• Keith Mathison

Ponette (1996)


I think I mentioned in a previous post that I do not have a separate category on this blog for film recommendations because most of what comes out of Hollywood pushes a worldview promoting the precise opposite of truth, goodness, and beauty. I'm simply not interested in financing their efforts.


I have, however, seen a few films that I do recommend. I mentioned the movie Sophie Scholl in a previous post. Another film I highly recommend is the 1996 French film Ponette. The movie centers on the four-year-old title character Ponette, played by Victoire Thivisol. As the film begins, we learn that Ponette has just lost her mother in an automobile accident that has also left her with a broken arm. Grief-stricken, her father leaves her in the care of her aunt and cousins. The film is a study in the way young children process grief and loss.


To this day, I have yet to see a performance by a child actor that comes anywhere close to what Thivisol accomplished in this film. Most child actors at that age come across at least a little bit stilted and forced. When you watch this film, you would swear Thivisol actually lost her own mother. Some viewers and critics actually raised questions about what the director did to get such a performance out of this child. To the best of my knowledge, there was never any real evidence of wrong-doing.


Be warned. Because of the subject matter of the film, unless you are totally bereft of empathy, you will more than likely shed a tear or two. I've read reviews written by grown men who said they sobbed uncontrollably throughout. If you are prone to cry at sad movies, bring some tissue.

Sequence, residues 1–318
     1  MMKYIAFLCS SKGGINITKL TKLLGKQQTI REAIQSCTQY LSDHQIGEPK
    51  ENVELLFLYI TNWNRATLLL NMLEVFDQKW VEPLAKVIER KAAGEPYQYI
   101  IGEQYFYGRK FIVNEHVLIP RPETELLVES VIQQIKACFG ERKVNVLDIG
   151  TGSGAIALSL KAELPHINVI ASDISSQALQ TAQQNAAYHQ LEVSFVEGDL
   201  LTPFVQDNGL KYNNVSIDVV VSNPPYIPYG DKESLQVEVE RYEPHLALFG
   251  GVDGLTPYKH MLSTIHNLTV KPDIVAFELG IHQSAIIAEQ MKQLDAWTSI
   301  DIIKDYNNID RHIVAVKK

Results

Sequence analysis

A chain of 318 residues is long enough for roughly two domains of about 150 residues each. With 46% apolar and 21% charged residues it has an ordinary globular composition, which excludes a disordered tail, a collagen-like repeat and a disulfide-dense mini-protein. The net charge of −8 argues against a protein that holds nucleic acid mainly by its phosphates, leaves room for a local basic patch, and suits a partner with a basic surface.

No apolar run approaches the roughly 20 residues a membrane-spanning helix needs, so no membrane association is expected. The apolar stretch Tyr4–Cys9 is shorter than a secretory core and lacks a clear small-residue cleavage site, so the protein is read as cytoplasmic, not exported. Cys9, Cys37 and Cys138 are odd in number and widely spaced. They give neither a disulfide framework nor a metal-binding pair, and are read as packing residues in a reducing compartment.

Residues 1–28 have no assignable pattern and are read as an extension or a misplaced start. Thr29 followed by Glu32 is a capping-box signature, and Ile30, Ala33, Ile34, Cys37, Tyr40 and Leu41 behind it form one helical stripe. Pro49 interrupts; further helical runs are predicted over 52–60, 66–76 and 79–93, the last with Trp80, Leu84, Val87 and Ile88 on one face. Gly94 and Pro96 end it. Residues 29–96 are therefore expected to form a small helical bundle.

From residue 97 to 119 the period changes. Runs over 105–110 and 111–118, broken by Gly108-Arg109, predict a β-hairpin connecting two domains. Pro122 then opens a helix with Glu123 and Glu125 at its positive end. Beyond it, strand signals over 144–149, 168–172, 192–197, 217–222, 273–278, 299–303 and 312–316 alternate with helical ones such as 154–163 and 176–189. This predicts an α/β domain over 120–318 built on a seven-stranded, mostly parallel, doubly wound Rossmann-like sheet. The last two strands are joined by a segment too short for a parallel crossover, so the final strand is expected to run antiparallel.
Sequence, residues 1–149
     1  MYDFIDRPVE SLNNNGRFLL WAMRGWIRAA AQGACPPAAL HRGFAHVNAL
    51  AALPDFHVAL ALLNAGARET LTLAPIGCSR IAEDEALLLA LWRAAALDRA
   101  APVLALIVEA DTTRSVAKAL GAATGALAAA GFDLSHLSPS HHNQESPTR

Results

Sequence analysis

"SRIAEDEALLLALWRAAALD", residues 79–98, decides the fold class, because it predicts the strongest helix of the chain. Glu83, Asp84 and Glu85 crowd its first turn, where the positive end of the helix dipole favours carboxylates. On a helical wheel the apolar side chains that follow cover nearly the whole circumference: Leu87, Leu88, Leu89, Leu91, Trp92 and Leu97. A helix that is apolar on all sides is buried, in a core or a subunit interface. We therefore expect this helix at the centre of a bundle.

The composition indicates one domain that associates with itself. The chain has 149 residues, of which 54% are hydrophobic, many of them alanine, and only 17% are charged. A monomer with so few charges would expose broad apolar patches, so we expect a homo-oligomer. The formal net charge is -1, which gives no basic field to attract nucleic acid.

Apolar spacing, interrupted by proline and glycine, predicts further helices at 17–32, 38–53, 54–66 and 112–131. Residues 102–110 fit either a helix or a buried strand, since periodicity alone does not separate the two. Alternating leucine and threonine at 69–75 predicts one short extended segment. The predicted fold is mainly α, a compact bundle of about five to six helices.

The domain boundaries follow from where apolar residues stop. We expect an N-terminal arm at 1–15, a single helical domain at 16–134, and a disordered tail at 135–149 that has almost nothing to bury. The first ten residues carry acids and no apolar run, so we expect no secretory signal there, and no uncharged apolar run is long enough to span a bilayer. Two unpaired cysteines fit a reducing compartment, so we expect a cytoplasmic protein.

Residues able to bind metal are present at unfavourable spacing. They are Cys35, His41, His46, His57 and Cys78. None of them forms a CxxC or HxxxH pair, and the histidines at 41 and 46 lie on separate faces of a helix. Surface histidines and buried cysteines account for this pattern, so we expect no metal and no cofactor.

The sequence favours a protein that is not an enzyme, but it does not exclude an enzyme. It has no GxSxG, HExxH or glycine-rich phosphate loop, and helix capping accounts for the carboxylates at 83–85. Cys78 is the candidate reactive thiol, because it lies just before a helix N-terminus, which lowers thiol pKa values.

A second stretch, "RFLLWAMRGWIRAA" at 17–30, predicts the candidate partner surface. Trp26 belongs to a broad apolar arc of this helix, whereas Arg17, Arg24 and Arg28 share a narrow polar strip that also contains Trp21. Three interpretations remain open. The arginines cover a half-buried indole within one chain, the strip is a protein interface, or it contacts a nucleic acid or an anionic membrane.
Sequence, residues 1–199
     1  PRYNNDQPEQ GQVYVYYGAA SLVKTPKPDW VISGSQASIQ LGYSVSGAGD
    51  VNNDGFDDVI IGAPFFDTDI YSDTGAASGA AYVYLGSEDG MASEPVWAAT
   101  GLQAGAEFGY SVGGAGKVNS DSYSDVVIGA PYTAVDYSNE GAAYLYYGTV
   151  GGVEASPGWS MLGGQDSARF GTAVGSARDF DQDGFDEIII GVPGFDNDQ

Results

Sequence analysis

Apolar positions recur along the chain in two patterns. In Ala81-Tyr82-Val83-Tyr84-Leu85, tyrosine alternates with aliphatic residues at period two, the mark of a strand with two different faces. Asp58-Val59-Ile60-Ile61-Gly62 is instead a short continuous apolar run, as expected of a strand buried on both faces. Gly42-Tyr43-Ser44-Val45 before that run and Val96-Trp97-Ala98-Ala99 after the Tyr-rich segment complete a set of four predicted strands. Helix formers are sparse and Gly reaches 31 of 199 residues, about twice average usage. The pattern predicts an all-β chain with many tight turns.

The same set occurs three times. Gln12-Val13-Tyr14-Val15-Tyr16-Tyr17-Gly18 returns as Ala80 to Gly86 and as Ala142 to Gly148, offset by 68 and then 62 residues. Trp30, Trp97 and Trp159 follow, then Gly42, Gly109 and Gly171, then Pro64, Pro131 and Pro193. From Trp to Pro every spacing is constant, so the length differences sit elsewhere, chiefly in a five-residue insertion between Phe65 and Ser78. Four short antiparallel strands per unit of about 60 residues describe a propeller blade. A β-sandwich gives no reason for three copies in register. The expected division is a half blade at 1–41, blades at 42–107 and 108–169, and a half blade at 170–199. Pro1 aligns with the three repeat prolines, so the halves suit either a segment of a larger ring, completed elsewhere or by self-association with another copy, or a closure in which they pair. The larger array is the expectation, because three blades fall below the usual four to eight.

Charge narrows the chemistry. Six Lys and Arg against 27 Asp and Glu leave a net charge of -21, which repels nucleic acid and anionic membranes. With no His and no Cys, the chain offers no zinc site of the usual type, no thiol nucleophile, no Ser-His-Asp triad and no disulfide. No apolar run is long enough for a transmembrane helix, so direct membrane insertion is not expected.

The incredible performance of Thivisol is not the main reason I recommend this film. The main reason I recommend the film is because it forces the viewer to think about the way very young children process the words of adults (and other children), and that is something adults need to consider. Often, we tell young children certain things, and we assume they understood what we said. We later discover that what we said was taken in a way we could never have imagined. If the misunderstood subject matter has to do with their chores, the results may not be a huge problem. If the misunderstood subject matter has to do with the Bible or theology, the stakes are much, much higher. This kind of misunderstanding is precisely what we see in this film.


When Ponette is dropped off to stay with her aunt, her aunt tries to comfort her by telling her about the resurrection of Jesus. As the discussion proceeds, Ponette's aunt explains that Jesus rose from the grave because He loved His disciples, His friends. As Ponette considers this, she comes to a wrong conclusion. In her mind, she reasons as follows: Jesus rose from the grave because He loved His friends. My mother loves me. Therefore, my mother will rise from he grave in a few days to be with me again. When her mother does not rise from the grave in a few days, her grief is that much worse. Her aunt never intended to communicate this idea to her.


Although this film is very sad at times, there are also moments of humor as Ponette, her young cousins, and their classmates think and talk about all manner of things. We learn indirectly of the need for children to learn the principles of logic as soon as possible.


If you can find this film, I encourage you to take the time to watch it. It's a beautiful film, and it will stay with you.

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